V.54 The Delegate of Tunisia informed the Bureau that an Interdepartmental Executive Committee, with the participation of concerned ministries such as planning, agriculture, tourism etc., will be established to co-ordinate actions needed for the conservation of Ichkeul. In addition, a high-level multi-disciplinary scientific council will provide support to the Executive Committee on follow up on the implementation of all recommendations concerning the provision of adequate freshwater to the Ichkeul Lake. He confirmed that the construction of the Sidi Barak Dam has been completed and will serve the role of an ecological stabiliser of the Ichkeul Lake National Park. The Delegate observed that the Lake needs about 280 million cubic metres of water in total annually and any shortfalls in the future caused by low rainfall/high evapo-transpiration rates will be compensated by the waters from the Sidi Barak Dam. He wished that the Bureau and the Committee provide adequate time for determining the efforts of the State Party to rehabilitate Ichkeul and support the extension and strengthening of the scientific monitoring programme that has been established.
V.55 The Delegate of Canada stressed the need for the Centre and IUCN to work with the State Party to establish benchmarks and indicators for the Committee’s future monitoring of the state of conservation of Ichkeul.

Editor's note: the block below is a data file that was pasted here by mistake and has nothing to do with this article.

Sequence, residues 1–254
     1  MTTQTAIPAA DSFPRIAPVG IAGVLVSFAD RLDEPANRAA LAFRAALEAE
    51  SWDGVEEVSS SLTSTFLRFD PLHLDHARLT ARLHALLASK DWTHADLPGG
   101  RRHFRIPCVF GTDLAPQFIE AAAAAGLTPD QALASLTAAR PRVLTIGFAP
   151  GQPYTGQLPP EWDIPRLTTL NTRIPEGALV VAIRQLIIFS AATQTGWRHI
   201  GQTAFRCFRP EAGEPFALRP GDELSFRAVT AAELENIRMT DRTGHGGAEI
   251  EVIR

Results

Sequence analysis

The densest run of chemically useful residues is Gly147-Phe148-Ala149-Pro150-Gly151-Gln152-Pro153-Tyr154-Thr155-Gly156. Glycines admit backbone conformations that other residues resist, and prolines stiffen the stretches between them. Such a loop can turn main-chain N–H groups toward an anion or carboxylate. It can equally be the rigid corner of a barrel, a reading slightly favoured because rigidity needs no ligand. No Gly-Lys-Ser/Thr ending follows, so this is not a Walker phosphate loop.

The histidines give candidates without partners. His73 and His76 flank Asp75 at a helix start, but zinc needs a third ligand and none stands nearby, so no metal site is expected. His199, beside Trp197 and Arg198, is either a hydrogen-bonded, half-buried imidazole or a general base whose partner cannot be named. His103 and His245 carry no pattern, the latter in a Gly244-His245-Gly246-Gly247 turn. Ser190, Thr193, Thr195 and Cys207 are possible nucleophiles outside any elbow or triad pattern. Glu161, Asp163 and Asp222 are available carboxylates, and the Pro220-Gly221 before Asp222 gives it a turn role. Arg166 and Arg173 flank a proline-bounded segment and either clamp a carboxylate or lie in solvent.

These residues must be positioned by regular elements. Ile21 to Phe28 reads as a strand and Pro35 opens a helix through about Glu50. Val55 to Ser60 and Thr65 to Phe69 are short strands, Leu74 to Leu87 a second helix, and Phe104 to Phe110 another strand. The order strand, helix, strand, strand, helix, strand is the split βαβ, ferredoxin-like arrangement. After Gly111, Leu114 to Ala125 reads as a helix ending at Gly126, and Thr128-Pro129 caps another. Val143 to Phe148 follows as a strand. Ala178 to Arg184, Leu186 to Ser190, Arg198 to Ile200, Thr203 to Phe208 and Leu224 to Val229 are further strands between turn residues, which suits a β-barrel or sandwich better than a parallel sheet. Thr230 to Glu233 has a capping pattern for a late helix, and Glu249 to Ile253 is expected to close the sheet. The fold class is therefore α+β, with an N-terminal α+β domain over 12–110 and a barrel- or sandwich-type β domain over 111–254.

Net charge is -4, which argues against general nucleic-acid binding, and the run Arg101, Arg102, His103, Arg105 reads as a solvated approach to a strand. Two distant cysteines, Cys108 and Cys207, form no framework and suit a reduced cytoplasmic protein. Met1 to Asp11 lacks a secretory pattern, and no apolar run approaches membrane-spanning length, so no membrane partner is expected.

V.56 The Bureau expressed its concerns over the deterioration in the ecology of the Lake during 1999-2000 due to lower than average rainfall. The Bureau invited the State Party to expand and strengthen the scientific monitoring programme for the site and ensure that sufficient amounts of freshwater are released, as and when needed, from the Sidi Barak Dam and other sources, in order to restore, preserve and maintain the integrity of the Ichkeul National Park. The Bureau recommended that the State Party consults with the Centre and IUCN, concerned national authorities, as well as Ramsar, GEF and suitable international and regional partners to establish a set of benchmarks and a suitable timeframe to guide the Committee’s future monitoring of the state of conservation of Ichkeul. The Bureau invited the Centre, IUCN and the State Party to work together to prepare a progress report on benchmarks and related timetable for monitoring of Ichkeul to the consideration at the forthcoming session of the Committee in Finland in December 2001.
The Committee, based on findings of the IUCN review of the report submitted by the State Party and due to be available at the time of its session, may take appropriate decisions and make recommednations for the consideration of the State Party and for implementation in co-operation with the Centre and IUCN and other stakeholders.
The threats indicated are listed in alphabetical order; their order does not constitute a classification according to the importance of their impact on the property.
Furthermore, they are presented irrespective of the type of threat faced by the property, i.e. with specific and proven imminent danger (“ascertained danger”) or with threats which could have deleterious effects on the property’s Outstanding Universal Value (“potential danger”).